The Epic of Gilgamesh A Great Flood

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					The Search for Eternal Life in Mesopotamia

The Epic of Gilgamesh

Humans share many basic concerns, and among them two are of primary importance: finding meaning in life and confronting the
reality of death. In Mesopotamia, where life and human fortune were so precarious, people deeply probed these issues and made them
the subjects of numerous myths. The word myth derives from the ancient Greek word for "a poetic story." As understood by modern
scholars, however, myths are not just any poetic stories, and they certainly are not deliberate pieces of fiction or stories told primarily
to entertain, even though myths do have entertainment value. First and foremost, myths are vehicles through which prescientific
societies explain the workings of the universe and humanity's place within it. Whereas the scientist objectifies nature, seeing the world
as an “it,” the myth-maker lives in a world where everything has a soul, a personality, and its own story. A raging river is not a body
of water responding to physical laws but an angry or capricious god. In the same manner, the fortunes of human society are not the
consequences of chance, history, or any patterns discoverable by social scientists. Rather, the gods and other supernatural spirits
intervene directly into human affairs, punishing and rewarding as they wish, and divine interventions become the subjects of mythic
stories. The stories, in turn, provide insight into the ways of the gods, thereby largely satisfying the emotional and intellectual needs of
the myth-maker's audience.

So far as the issues of the meaning of life and death were concerned, ancient Mesopotamia created its classic mythic answer in the
form of its greatest work of literature, The Epic of Gilgamesh. An epic is a long narrative poem that celebrates the feats of some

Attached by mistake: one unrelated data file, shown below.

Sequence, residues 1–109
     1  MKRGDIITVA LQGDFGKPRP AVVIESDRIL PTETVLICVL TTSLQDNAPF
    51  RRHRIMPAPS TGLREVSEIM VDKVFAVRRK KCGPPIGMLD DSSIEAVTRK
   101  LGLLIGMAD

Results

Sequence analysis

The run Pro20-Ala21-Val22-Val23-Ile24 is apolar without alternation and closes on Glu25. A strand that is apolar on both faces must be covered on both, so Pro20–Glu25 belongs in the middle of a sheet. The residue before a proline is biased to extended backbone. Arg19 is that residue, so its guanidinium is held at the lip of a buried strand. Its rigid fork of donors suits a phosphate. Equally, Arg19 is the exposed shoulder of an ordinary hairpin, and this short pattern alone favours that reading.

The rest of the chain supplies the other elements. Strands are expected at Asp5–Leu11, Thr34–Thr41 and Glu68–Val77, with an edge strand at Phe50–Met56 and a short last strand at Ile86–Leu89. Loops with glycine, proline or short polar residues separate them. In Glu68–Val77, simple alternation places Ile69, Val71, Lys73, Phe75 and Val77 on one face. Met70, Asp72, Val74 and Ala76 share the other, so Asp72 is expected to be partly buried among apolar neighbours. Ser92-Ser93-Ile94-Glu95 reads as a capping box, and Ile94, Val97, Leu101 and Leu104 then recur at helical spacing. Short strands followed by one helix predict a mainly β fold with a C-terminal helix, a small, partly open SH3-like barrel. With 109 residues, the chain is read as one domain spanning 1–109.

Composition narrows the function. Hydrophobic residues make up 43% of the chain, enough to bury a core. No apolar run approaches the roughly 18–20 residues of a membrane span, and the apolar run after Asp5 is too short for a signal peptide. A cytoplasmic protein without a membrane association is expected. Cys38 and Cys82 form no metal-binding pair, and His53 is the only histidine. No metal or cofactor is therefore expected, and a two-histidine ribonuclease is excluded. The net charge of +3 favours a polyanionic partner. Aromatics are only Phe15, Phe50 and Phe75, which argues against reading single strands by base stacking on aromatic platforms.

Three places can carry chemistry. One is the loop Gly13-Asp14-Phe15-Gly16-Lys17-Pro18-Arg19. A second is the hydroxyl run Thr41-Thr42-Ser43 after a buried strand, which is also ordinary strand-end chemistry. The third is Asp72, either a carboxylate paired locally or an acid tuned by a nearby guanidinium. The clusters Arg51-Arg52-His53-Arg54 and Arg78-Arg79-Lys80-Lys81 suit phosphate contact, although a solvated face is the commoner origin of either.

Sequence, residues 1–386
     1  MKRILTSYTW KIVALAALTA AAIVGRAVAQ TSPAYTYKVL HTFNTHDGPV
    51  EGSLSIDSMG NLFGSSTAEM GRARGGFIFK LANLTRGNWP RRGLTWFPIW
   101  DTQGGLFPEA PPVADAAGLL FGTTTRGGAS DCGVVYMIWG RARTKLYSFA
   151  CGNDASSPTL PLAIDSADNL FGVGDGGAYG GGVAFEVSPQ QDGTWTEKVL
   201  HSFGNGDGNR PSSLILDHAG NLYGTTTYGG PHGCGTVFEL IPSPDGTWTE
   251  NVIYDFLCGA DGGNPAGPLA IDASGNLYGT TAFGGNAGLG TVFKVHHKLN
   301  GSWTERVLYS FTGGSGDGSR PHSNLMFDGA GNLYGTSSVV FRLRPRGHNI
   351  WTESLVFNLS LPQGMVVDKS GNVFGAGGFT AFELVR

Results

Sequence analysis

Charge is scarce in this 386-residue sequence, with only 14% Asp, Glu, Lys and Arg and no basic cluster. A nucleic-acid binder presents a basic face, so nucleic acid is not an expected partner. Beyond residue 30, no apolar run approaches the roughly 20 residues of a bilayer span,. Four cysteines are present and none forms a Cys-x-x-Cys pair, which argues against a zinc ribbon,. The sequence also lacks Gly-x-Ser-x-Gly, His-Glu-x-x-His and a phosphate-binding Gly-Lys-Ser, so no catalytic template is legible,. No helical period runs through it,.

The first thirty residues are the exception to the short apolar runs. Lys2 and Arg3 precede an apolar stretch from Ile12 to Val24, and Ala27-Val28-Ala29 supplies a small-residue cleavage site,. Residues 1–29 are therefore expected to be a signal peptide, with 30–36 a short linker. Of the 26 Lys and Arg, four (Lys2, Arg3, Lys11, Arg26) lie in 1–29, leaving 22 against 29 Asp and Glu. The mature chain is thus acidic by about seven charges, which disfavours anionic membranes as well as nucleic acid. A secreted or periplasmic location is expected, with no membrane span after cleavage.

legendary hero who is involved in a journey or similar severe test. In the process of his trials, the hero gains wisdom and, because of
that wisdom, greater heroic stature.

The most complete extant version of The Epic of Gilgamesh was discovered on twelve clay tablets in the ruins of an Assyrian library
that dated to the late seventh century B.C.E. Other earlier versions of the epic, however, show that the story, at least in its basic
outline, is Sumerian in origin and goes back to the third millennium B.C.E. (2000s).

The hero, Gilgamesh, was a historical figure who ruled the city-state of Uruk sometime between 2700 and 2500 B.C.E. and was
remembered as a great warrior, as well as the builder of Uruk's massive walls and temple. His exploits were so impressive that he
became the focal point of a series of oral sagas that recounted his legendary heroic deeds. Around 2000 B.C.E. an unknown
Babylonian poet re-worked some of these tales, along with other stories — such as the adventure of Utnapishtim that appears in our
selection — into an epic masterpiece that became widely popular and influential throughout Southwest Asia and beyond.

The epic contains a profound theme, the conflict between humanity's talents and aspirations and its mortal limitations. Gilgamesh,
"two-thirds a god and one-third human," as the poem describes him, is a man of heroic proportions and appetites who still must face
the inevitability of death.

As the epic opens, an arrogant Gilgamesh, not yet aware of his human limitations and his duties as king, is exhausting the people of
Uruk with his manic energy. The people cry to Heaven for relief from his abuse of power, and the gods respond by creating Enkidu, a
wild man who lives among the animals. Enkidu enters Uruk, where he challenges Gilgamesh to a contest of strength and fighting skill.
When Gilgamesh triumphs, Enkidu embraces him as a brother, and the two heroes set out on a series of spectacular exploits.

In the course of their heroic adventures, they insult Ishtar, goddess of love and fertility, and for this a life is owed. The one chosen by
the gods to die is Enkidu. As the selection that we will study opens, Enkidu, after having cursed his heroic past, which has brought
him to this fate, tells Gilgamesh of a vision he has had of the place Mesopotamians knew as "the land of no return."


Excerpts from “The Epic of Gilgamesh” -- A Great Flood (c.                              vampire face, his foot was a lions foot, his hand was an eagles
2700-2500 B.C.E.)                                                                       talon. He fell on me and his claws were in my hair, he held me
                                                                                        fast and I smothered; then he transformed me so that my arms
[1] As Enkidu slept alone in his sickness, in bitterness of spirit he                   became wings covered with feathers. He turned his stare
poured out his heart to his friend. "It was I who cut down the                          towards me, and he led me away to the palace of Irkalla, the
cedar, I who leveled the forest, I who slew Humbaba 1 and now see                       Queen of Darkness2 to the house from which none who enters
what has become of me. Listen, my friend, this is the dream I                           ever returns, down the road from which there is no coming